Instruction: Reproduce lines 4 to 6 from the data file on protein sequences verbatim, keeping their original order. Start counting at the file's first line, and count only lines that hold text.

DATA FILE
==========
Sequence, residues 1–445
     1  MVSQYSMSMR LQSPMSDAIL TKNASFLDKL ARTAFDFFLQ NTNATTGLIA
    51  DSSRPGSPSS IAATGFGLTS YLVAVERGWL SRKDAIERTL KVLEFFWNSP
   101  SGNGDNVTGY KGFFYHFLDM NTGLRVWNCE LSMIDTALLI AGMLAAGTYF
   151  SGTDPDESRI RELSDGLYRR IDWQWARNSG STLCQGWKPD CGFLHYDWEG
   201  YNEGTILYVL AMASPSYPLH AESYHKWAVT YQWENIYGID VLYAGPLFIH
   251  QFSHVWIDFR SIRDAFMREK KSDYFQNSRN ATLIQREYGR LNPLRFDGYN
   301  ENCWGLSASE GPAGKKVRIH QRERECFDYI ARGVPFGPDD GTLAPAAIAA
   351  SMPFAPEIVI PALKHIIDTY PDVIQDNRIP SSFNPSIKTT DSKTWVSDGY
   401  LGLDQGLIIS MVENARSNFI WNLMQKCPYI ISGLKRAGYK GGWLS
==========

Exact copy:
   101  SGNGDNVTGY KGFFYHFLDM NTGLRVWNCE LSMIDTALLI AGMLAAGTYF
   151  SGTDPDESRI RELSDGLYRR IDWQWARNSG STLCQGWKPD CGFLHYDWEG
   201  YNEGTILYVL AMASPSYPLH AESYHKWAVT YQWENIYGID VLYAGPLFIH